Friday, March 27, 2015

Stoneman's midnight ride takes a wrong turn

It appears that the cavalry followed the Elk River (red arrows) rather than the Watauga (blue arrows), meaning they had to make a midnight climb of 1,500 feet to cross the ridge at Flat Springs.  
POGA, Tennessee?
     Gen. George Stoneman had told his commanding general that he expected to be in Virginia by March 28. One hundred and fifty years ago today, he realized he was going to have to pick up the pace, so he ordered the first of several overnight marches.
     If Stoneman got lost in the mountains between Hampton, Tenn., and Boone, N.C., he wouldn't be the only one. Even today, U.S. 321 can be daunting as it darts along the shore of Watauga Lake and skirts cliffs through the Watauga River gorge. Today's route generally follows a turnpike that was built in the mid-1850s. Parts of the old road (along with the town of Butler, Tenn.) are now submerged in Watauga Lake. 
     At some point during the moonless night, it appears to me that Stoneman's cavalry strayed off the turnpike and wound up having to cross a mountain in the dark. I don't think this was one of Stoneman's feints to confuse the enemy. I haven't found a good map of the original turnpike, and it is possible that it was built over the mountain because the terrain in the gorge was just too rugged and steep. Or maybe the road was washed out. Maybe some of his Tennessee guides thought they knew a shortcut. More likely, they simply missed a switchback and got lost. Stoneman usually rode in the rear and would have been furious if he knew they were off course.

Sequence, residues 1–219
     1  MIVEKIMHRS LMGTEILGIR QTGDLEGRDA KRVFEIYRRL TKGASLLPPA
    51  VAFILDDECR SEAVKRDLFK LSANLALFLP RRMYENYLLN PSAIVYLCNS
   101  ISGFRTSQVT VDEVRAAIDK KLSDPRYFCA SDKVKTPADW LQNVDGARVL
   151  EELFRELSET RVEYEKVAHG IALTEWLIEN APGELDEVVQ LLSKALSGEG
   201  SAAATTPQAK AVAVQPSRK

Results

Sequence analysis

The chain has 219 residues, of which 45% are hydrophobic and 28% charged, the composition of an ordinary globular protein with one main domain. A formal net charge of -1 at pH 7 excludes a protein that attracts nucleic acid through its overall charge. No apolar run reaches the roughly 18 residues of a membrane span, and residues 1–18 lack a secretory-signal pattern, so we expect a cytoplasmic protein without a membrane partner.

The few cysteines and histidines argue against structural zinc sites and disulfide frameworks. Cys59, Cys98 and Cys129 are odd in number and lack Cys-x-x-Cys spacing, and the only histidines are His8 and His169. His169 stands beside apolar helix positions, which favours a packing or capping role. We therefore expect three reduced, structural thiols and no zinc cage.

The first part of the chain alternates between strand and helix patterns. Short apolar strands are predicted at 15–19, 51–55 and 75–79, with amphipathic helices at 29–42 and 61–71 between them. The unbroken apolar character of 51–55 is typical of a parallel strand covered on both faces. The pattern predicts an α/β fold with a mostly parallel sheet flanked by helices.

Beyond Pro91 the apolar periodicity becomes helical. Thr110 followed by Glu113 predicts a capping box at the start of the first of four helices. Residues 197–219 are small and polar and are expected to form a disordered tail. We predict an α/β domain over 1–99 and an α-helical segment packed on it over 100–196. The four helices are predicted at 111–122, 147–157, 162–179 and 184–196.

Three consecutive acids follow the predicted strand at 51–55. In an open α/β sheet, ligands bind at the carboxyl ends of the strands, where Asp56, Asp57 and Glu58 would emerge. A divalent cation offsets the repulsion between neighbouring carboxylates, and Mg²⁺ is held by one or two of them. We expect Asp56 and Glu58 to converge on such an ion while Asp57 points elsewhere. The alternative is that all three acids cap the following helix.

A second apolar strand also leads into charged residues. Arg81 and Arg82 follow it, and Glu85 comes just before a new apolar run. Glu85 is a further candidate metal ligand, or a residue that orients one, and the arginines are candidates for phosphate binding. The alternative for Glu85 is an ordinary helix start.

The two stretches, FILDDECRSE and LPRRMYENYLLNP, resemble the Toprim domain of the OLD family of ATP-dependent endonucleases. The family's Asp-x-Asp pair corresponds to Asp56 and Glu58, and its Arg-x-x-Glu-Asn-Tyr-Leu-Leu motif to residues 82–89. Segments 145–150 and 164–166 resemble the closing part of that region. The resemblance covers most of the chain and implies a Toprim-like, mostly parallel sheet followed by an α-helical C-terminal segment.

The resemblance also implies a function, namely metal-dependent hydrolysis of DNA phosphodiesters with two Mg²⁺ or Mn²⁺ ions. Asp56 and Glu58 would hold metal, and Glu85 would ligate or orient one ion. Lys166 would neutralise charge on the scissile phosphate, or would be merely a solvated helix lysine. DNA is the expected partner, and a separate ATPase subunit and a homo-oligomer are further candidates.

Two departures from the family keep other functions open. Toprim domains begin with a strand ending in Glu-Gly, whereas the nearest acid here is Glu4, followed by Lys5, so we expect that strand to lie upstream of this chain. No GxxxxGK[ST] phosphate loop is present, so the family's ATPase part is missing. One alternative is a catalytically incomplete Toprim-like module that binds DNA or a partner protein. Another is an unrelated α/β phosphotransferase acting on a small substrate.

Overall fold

Capt. Henry Weand from Norristown, Pa., mentioned in his journal that the cavalry's horses went hungry on March 26, which was worrisome considering the mountains ahead. On March 27, Weand wrote:
Moved early to find something for our horses to eat and found a short feed for them on the south bank of the Watauga River. Marched 18 miles and bivouacked on the mountain pass near the top of Stone Mountain at 4 a.m. on the 28th.
Our march this night was one that those who participated will never forget. The road at times ran close to dangerous precipices, over which occasionally a horse or mule would fall, and in like manner we lost one of the artillery caissons, but no man was hurt. Many loyal citizens built fires along the road and at dangerous places, and also at difficult fords over the mountain streams. Looking back as we toiled up the mountain, the scene was grand and imposing as the march of the column was shown by the trail of fire along the road. Occasionally an old pine tree would take fire and blaze up almost instantaneously, looking like a column of fire. It was an impromptu illumination, and the sight of it repaid us for the toilsome night march.
     In the same brigade with Capt. Weand was Sgt. Angelo Wiser, a talented illustrator who drew daily maps of the cavalry's progress. (These are available online at the Library of Congress by clicking here or the link on the sidebar. Stoneman's Raid starts on Page 8. Here are the direct links to March 27 and March 28.)
Sgt. Wiser's map for April 27 shows the march veering southwest away from the Watauga River